Dylan Farrow responded to New York Times columnist Bret Stephens for his op-ed piece, entitled “The Smearing of Woody Allen,” on Friday that claimed Farrow’s allegations of sexual abuse at the hands of adoptive father Woody Allen should be treated with “added skepticism” while citing an investigation into Allen from the time that found “inconsistencies in Dylan’s statements.”
On Saturday morning, Farrow took to Twitter to criticize Stephens’ article, writing, “If @BretStephensNYT is interested, there is much more information he can find on my case than what he cites in his piece, some of which I have posted here.”
Farrow went on to tweet, “To presume I invented this story & convinced myself of it is no less insulting than calling me a liar. I’ve consistently stated the truth for 25 years, I won’t stop now. It’s Stephens’ right to doubt me if he so chooses but his incredulity doesn’t change what happened that day … What it does do is make it harder for the next victim to come forward.”
In January, Farrow sat down with CBS This Morning‘s Gayle King to discuss her alleged sexual abuse at the hands of Allen. Farrow explained how Allen took her into an attic crawlspace in her mother’s Connecticut home and, as she said, instructed her to lie down on her stomach and play with a toy train. While she was doing that, she claims, Allen sat behind her and touched her inappropriately, telling King exactly where on her body he touched her. Allen suggested at the time that Farrow had changed her story because she was coached by her mother, who months earlier had discovered that Allen had been having an affair with her adopted daughter Soon-yi Previn.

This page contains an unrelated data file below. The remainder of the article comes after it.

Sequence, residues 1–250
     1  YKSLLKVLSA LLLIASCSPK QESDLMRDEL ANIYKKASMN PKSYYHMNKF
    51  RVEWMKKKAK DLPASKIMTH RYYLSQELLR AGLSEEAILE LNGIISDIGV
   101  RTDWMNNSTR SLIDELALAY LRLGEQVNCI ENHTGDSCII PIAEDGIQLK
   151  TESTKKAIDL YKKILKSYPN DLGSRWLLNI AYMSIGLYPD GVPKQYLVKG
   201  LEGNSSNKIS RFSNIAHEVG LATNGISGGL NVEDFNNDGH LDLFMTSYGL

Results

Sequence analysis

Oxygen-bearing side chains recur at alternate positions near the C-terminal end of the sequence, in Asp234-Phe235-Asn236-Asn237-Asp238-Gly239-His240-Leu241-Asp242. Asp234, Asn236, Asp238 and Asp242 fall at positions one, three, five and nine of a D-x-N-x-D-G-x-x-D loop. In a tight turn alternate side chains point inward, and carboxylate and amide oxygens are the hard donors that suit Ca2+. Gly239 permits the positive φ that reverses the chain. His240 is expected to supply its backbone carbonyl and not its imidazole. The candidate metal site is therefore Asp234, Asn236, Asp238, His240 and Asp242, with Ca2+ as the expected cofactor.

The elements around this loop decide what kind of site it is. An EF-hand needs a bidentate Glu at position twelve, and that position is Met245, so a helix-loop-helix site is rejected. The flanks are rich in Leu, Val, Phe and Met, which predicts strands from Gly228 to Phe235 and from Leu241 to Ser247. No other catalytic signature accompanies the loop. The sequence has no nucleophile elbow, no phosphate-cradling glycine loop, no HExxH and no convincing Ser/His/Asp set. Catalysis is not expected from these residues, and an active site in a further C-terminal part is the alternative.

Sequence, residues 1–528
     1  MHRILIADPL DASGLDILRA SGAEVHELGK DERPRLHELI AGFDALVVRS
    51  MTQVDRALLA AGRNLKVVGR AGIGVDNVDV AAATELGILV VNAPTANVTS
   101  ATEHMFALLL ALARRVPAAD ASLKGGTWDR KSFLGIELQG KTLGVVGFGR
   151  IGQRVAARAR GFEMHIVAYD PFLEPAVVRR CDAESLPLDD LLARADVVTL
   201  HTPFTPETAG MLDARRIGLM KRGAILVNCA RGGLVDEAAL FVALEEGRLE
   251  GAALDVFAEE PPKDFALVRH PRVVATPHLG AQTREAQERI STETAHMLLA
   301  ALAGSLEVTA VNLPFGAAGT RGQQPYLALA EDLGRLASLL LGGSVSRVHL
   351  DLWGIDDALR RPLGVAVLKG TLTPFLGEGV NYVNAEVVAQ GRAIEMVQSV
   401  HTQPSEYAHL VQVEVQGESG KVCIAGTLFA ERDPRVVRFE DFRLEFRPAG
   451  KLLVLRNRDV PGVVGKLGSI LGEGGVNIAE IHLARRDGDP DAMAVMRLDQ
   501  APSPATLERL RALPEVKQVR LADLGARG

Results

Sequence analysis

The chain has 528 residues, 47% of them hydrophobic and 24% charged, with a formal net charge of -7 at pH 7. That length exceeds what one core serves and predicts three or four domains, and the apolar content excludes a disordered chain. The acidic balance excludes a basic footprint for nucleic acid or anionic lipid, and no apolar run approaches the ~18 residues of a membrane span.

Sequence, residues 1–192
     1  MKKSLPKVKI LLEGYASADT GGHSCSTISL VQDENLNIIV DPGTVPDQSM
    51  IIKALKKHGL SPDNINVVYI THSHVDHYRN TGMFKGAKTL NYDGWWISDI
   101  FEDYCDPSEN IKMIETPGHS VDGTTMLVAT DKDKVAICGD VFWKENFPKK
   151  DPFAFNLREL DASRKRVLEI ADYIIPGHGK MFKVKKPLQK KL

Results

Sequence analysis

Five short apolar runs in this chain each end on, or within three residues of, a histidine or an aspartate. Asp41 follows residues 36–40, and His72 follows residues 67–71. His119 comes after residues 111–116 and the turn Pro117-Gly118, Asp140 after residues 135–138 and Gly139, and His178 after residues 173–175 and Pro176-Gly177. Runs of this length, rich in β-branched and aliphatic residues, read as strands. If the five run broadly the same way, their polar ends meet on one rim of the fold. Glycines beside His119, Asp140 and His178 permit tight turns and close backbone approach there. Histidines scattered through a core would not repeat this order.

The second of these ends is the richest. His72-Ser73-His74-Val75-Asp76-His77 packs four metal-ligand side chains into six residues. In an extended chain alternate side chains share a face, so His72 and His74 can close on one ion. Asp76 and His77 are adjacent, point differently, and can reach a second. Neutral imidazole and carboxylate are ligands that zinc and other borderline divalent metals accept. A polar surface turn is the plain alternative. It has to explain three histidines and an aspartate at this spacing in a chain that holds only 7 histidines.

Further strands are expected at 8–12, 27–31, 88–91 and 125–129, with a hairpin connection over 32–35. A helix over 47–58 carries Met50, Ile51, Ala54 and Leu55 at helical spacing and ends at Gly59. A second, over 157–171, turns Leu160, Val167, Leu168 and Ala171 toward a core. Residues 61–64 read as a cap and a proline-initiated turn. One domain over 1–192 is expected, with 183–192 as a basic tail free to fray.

In the wake of Farrow’s claims and the current #MeToo movement, a number of notable stars who have worked with Allen in the past have renounced their previous projects with the filmmaker and also vowed to never work with him. Notable names who have spoken out against him include Oscar nominees Greta Gerwig and Timothee Chalamet, as well as Oscar winner Colin Firth. Alec Baldwin, however, defended the director, saying the “renunciation” of Allen was “unfair and sad.”
This article originally appeared in The Hollywood Reporter.